The first constitutions that were written by the American states after they declared independence were basically just expansions of ideas about government that had already existed for a long time in the colonies. They were ideas that had come out of such British innovations as the Magna Carta and English Bill of Rights.
Many of the colonists who came to America carried with them ideas that were relatively democratic. England was, at that time, the country that had gone farthest towards democracy. Parliament had strong powers that the crown could not take away. There were some rights that were protected by constitutional law. The state constitutions simply took these ideas a step or two further than they had previously been taken.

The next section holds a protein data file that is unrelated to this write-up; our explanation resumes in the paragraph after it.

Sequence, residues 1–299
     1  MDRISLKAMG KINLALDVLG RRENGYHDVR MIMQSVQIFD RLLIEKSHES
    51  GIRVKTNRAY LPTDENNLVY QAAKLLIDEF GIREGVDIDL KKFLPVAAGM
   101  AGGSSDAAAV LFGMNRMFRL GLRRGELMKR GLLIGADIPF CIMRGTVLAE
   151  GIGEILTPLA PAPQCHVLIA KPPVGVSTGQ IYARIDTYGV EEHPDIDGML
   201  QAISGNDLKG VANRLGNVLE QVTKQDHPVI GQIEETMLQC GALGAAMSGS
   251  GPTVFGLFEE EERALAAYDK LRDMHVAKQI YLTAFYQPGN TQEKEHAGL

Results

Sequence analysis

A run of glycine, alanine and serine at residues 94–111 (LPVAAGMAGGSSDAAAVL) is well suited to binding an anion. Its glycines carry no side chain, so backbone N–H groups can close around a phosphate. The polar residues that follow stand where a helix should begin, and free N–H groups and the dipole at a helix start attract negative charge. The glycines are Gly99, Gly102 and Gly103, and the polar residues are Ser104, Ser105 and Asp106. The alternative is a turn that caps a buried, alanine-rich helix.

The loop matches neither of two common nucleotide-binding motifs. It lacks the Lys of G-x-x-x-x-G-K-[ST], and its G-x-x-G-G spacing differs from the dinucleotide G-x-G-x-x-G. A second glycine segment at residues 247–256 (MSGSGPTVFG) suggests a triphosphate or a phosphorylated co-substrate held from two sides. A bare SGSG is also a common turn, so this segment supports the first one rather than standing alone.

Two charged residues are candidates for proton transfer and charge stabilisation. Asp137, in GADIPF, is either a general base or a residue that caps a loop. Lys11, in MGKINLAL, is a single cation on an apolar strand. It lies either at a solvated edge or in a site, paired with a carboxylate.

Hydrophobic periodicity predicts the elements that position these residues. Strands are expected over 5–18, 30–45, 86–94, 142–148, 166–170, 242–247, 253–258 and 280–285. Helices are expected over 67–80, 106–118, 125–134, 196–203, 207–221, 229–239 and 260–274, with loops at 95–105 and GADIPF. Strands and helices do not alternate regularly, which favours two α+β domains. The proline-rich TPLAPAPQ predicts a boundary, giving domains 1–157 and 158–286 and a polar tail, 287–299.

For example, the state constitutions did away with any appointed law-making bodies. Instead of having some lawmakers elected and others appointed, all legislative officials (and all chief executives) were to be elected by the people. In addition, state constitutions typically included bills of rights. These portions of the constitutions explicitly spelled out rights that were to be protected from the government. These were often very expansive, including such things as freedom from established religion, which the British had never had.
Thus, the first state constitutions were not revolutionary. Instead, they took British ideas that had come over with the colonists and expanded upon them.